Xebra Brands Obtains First-Ever Authorization To Commercialize Cannabis Products In Mexico
It’s been a long time coming, but an application process started in 2018 has yielded historic dividends for Xebra Brands Ltd. (CNSX: XBRA). Today, it was revealed that the Mexican Health Regulatory Agency (COFEPRIS)—the domestic equivalent to the U.S. FDA—has granted to Xebra’s wholly owned Mexican subsidiary Desart MX, SA de CV (Xebra Mexico) full-spectrum approval to commercialize low-THC cannabis in Mexico. It’s a privilege no other company has obtained, giving the company literal first-mover advantage to setup cannabis operations in los Estados Unidos Mexicanos.
The authorization brings finality to a December 2, 2021, decision which saw all five Supreme Court justices vote unanimously in favor of granting Xebra Mexico an irrevocable injunction to commercialize cannabis. The final leg of the journey—which began on November 29, 2018 when it first applied for licensing—was for COFEPRIS to provide formal authorization. With that process now complete, Xebra Mexico is the only company authorized to commercialize cannabis outside of a strict medical parameter,
Specifically, the authorization gives the company the ability, among other things, to import and acquire cannabis seeds, cultivate and harvest cannabis, process and produce cannabis, and sell cannabis products. And it bears repeating: this cannabis authorization is without legal precedent in Mexico.
This represents an important moment for cannabis globally with the first ever grant for full cultivation, harvesting, processing and commercial activities to a corporate entity in Mexico. This grant follows years of hard work and focus by a devoted team and is only the beginning of what Xebra has laid as the foundation for growth. The path is now clear for Xebra to continue forward to unlock the commercial opportunities that exists.Jay Garnett, CEO of Xebra Brands
Somewhat parallel to hemp provisions in the Farm Bill, the authorizations applies specifically to the commercialization of cannabis products with low-levels of THC (under 1%); oils such as CBD, CBG, CBN and other low-THC cannabinoids and certain uses of the cannabis flower. It also includes a provision that legalizes the cultivation, processing, and sale of low-THC hemp.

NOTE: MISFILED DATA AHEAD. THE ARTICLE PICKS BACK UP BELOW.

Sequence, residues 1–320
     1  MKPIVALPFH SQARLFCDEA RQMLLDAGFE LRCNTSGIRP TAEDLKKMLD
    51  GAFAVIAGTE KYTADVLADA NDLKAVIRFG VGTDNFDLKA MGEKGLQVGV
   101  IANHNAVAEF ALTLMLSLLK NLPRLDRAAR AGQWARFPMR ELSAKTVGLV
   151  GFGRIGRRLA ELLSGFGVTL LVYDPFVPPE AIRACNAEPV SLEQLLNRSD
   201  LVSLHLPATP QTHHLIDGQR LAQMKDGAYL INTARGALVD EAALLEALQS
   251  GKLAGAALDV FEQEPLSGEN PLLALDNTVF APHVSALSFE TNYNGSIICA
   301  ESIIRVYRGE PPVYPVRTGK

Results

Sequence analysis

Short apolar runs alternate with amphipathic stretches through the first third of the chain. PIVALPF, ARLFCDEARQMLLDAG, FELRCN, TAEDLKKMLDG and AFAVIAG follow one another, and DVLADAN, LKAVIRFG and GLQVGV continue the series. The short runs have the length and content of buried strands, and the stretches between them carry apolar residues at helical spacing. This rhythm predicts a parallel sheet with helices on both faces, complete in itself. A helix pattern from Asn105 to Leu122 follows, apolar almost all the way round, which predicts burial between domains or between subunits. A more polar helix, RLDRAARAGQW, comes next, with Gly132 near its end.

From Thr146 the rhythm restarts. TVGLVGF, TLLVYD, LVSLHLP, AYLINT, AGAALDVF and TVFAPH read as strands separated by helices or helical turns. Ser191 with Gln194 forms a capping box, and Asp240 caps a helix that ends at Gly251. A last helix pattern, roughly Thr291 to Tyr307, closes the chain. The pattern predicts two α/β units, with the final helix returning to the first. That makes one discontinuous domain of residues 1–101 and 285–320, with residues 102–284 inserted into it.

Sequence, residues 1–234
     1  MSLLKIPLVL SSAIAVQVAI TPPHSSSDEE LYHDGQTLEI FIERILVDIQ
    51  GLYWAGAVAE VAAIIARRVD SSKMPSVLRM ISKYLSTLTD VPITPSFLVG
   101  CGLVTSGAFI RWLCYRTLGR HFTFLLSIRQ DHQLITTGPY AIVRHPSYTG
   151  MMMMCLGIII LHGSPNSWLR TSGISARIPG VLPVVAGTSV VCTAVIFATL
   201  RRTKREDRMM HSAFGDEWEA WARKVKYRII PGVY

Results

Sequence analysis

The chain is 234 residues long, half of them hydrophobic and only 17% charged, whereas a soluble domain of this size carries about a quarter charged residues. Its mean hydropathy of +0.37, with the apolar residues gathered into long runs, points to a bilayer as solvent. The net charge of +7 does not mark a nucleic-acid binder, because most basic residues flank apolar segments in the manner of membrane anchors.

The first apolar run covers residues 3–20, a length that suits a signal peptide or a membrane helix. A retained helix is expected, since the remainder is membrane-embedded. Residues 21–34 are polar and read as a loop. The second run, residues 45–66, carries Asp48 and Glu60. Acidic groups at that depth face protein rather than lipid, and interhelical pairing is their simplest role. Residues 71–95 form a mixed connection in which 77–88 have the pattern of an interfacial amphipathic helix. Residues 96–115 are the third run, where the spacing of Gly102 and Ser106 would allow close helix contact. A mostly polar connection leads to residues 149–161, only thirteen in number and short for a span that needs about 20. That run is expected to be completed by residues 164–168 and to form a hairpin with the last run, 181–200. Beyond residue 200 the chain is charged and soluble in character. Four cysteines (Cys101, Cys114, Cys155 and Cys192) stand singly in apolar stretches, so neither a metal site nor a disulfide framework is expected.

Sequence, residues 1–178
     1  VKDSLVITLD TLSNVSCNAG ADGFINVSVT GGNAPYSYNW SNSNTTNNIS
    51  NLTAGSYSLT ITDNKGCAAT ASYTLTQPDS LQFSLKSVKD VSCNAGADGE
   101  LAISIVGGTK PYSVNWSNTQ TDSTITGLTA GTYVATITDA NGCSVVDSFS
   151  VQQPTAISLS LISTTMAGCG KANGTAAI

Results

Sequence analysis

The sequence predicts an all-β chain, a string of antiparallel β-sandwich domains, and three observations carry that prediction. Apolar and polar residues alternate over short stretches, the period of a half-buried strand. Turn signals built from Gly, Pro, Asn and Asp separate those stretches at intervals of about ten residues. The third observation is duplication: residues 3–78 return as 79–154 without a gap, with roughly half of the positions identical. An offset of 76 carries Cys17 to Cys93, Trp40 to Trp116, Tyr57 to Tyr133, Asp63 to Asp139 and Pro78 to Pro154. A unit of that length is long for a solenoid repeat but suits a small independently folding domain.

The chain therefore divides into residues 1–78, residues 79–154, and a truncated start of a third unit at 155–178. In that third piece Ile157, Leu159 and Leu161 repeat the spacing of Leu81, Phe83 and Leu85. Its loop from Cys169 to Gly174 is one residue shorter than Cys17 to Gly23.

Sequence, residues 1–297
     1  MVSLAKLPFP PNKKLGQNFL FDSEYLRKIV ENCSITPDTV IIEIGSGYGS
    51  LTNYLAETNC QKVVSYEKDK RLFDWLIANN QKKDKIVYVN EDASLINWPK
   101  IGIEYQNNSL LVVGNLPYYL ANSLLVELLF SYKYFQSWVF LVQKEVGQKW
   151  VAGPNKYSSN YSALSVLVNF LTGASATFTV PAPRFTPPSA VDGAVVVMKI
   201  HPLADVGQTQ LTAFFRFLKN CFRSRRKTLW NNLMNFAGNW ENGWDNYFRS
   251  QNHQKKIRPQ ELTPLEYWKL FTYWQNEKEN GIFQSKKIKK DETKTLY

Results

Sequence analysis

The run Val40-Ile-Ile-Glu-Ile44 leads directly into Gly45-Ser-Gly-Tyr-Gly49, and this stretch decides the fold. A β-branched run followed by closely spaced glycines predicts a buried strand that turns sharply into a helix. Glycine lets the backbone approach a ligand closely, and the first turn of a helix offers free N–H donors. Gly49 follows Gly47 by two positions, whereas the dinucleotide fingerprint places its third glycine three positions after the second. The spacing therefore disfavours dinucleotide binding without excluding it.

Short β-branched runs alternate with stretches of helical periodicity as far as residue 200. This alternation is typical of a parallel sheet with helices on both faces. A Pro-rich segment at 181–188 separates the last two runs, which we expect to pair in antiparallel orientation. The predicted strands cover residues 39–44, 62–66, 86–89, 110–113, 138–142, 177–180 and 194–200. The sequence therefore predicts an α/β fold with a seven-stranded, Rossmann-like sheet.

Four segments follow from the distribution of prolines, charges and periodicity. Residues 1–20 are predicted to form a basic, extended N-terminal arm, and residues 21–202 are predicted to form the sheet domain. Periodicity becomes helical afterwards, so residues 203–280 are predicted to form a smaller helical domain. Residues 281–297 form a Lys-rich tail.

Under the Farm Bill, low-THC hemp is defined as any part of the hemp plant with a THC concentration of no more than 0.3 percent. Hemp with a higher THC concentration is still considered a controlled substance and is illegal under federal law, outside of medical applications.
Whereas the Farm Bill was a comprehensive legislation that set regulations for an entire industry, the COFEPRIS authorization applies exclusively to Xebra Brands. Any other company striving to obtain similar authorization will be required to proceed through the same lengthy process Xebra Brands just completed, giving it a material runway over potential competitors.
Currently, only medical cannabis in permitted for sale at a retail level in Mexico. Under the law, medical cannabis can be prescribed by authorized healthcare professionals, and patients can access it through licensed pharmacies. To be eligible for medical cannabis, patients must have a medical diagnosis and prescription from a healthcare professional authorized by the Mexican Ministry of Health.
Xebra Brands Plans To Monetize Its Exclusive Authorization
As present, full details on monetization efforts are premature. In the press release, Xebra Brands eludes to taking “a methodical approach to assessing all opportunities for partnership and growth that have been presented to it.” Ergo, the company will assess the partnership and/or joint venture opportunities that will surely come its way, as the only authorized cannabis producer in Mexico. It is first-mover advantage in the classic sense.
The first-mover advantage is a phenomenon in business where a company that enters a market first gains a significant advantage over its competitors. This advantage can manifest itself in several ways, including the ability to establish brand recognition and customer loyalty, the opportunity to create a network of suppliers and distribution channels, and the ability to control pricing.
In a highly regulated industry such as cannabis, the benefits of first mover advantage can be even more significant due to the additional barriers to entry that regulations create.
For example, companies can navigate regulatory approvals, establish relationships with regulators and secure intellectual property protections. These are highly important benchmarks companies must achieve to achieve the access needed to infiltrate a market with numerous restrictive barriers.
How Xebra Brands capitalizes on this unprecedented opportunity is a conversation for another day. In the greater scheme, Mexico regulators have bestowed their first cannabis authorizations for commercial purposes, as the birth pangs of a burgeoning non-medicinal cannabis market rest firmly in view.